Republicans are losing special elections in places where they usually win.
If 2006 turns out to be a Democratic year at the congressional level, fueled by anti-Bush and anti-corruption sentiments, does that also suggest big Democratic gains in state legislatures? Based on some recent special elections, the answer would seem to be yes.
Since 2004, 83 special legislative elections have resulted in 21 party switches, including 15 formerly GOP seats that Democrats picked up. In just the past five months, there have been 28 special elections for legislative seats around the country. Ten seats have switched party--and all but one of them have gone from Republican to Democratic representation. Many of those changes have come in states that tilt to the GOP in national politics, such as Kentucky, Missouri, Texas and Virginia.
"Clearly, this is not just a random set of events," says Gary Jacobson, a political scientist at UC San Diego. "Given an opportunity, I imagine there are some Democrats happy to take it out on Republicans--but probably there are also some Republicans staying home."
The latter effect could be more significant. Alex Johnson, executive director of the Republican Legislative Campaign Committee, is right to point out that national issues such as Iraq and Hurricane Katrina don't play a direct role in many state campaigns. And several of the recently victorious Democrats attribute their own successes to local or state issues that won't matter elsewhere. "On the ground, it felt like it was not party-based," says Terri Bonoff, a new Democratic state senator from the suburbs of Minneapolis.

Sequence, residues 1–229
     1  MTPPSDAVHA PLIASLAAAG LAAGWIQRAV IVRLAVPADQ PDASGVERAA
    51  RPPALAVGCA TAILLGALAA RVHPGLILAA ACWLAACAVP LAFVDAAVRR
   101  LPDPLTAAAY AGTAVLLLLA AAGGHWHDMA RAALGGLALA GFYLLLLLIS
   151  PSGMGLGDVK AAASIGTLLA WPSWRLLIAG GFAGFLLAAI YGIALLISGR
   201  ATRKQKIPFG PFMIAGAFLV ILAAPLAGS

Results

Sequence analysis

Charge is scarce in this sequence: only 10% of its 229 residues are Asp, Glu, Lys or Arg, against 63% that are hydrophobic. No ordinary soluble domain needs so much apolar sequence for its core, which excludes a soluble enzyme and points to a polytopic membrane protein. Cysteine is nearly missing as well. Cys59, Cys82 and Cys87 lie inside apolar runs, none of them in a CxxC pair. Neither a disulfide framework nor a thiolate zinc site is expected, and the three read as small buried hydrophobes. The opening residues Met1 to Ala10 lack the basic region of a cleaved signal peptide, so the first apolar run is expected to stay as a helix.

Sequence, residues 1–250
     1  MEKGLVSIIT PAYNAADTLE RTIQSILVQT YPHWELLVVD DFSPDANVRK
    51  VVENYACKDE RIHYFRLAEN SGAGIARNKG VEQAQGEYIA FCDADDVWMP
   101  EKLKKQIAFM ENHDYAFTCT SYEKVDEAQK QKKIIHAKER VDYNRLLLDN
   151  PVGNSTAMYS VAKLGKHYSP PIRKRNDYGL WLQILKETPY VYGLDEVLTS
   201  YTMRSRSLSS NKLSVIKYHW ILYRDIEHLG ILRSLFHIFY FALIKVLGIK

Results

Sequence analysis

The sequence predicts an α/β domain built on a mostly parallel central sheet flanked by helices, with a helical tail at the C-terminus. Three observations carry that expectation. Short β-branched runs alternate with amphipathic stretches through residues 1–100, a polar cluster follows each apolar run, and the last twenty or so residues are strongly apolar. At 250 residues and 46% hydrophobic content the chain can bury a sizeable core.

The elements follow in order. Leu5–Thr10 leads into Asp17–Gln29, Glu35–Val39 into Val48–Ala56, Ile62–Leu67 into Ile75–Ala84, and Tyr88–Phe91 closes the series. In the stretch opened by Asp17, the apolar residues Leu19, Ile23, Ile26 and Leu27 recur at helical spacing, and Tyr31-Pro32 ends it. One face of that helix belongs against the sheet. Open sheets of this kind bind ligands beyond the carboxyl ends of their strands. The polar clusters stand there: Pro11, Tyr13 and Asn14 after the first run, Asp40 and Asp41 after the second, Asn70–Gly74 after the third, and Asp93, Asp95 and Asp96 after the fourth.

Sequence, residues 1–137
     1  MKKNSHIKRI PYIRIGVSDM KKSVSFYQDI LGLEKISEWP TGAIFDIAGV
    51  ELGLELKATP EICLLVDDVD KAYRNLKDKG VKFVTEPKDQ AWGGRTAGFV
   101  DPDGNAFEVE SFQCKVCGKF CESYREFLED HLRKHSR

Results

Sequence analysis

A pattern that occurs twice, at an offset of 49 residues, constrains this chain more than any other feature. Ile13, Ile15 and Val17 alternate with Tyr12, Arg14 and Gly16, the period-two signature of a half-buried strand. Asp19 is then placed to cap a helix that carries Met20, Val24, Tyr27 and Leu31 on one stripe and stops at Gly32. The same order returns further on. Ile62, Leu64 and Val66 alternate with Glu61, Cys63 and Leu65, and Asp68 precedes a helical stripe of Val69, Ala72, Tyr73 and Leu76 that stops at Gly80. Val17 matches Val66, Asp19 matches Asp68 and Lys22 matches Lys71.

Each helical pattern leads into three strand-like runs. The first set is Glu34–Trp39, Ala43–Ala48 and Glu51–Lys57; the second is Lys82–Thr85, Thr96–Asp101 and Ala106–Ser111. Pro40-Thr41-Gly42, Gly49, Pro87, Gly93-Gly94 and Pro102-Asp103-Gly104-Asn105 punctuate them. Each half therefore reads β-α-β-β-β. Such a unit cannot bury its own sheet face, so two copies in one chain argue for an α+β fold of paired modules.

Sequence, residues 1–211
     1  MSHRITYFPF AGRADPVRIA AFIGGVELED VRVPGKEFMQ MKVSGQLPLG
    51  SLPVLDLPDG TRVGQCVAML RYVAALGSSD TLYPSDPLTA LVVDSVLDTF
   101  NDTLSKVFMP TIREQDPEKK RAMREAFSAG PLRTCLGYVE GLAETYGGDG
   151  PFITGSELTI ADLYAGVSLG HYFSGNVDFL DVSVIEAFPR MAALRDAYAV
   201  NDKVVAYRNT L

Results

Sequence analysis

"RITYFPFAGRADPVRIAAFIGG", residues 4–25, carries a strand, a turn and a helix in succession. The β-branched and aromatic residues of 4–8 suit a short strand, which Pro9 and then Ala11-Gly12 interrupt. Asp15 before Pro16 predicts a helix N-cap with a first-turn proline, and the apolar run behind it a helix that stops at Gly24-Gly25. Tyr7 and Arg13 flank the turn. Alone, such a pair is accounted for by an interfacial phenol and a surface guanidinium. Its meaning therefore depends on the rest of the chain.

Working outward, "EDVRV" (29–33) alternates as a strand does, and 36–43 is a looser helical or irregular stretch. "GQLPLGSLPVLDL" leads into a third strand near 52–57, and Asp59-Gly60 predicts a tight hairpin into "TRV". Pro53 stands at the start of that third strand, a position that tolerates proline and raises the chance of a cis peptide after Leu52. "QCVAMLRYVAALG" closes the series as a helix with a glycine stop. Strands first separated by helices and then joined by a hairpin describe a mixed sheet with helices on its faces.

But because legislative contests are relatively low-profile affairs, the overall political mood could have a big impact on who shows up to vote. If significant numbers of Republicans choose to express their frustration by staying away from the polls this November, Democrats could find themselves gaining not only seats but also legislative chambers. At the moment, Republicans control 49 of the 98 partisan chambers in legislatures nationwide. Democrats control 47, and 2 are tied. But perhaps a third of the chambers are close enough to be in play. "In some years, Republicans don't have to work hard, knock on doors and raise money," says Republican strategist Johnson. "This year, they do."
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